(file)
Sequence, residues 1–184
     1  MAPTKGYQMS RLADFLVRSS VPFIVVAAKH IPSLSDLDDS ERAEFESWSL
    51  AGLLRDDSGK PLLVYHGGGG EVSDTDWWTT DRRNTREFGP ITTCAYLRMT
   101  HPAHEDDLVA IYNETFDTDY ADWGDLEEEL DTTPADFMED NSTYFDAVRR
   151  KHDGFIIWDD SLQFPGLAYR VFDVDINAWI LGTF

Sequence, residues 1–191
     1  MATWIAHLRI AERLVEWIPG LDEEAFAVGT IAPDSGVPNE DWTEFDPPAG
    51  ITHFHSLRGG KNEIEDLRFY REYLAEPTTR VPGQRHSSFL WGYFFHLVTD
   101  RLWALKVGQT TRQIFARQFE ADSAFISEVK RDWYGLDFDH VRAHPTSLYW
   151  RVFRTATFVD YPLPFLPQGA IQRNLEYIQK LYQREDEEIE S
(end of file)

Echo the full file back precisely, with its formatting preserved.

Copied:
Sequence, residues 1–184
     1  MAPTKGYQMS RLADFLVRSS VPFIVVAAKH IPSLSDLDDS ERAEFESWSL
    51  AGLLRDDSGK PLLVYHGGGG EVSDTDWWTT DRRNTREFGP ITTCAYLRMT
   101  HPAHEDDLVA IYNETFDTDY ADWGDLEEEL DTTPADFMED NSTYFDAVRR
   151  KHDGFIIWDD SLQFPGLAYR VFDVDINAWI LGTF

Sequence, residues 1–191
     1  MATWIAHLRI AERLVEWIPG LDEEAFAVGT IAPDSGVPNE DWTEFDPPAG
    51  ITHFHSLRGG KNEIEDLRFY REYLAEPTTR VPGQRHSSFL WGYFFHLVTD
   101  RLWALKVGQT TRQIFARQFE ADSAFISEVK RDWYGLDFDH VRAHPTSLYW
   151  RVFRTATFVD YPLPFLPQGA IQRNLEYIQK LYQREDEEIE S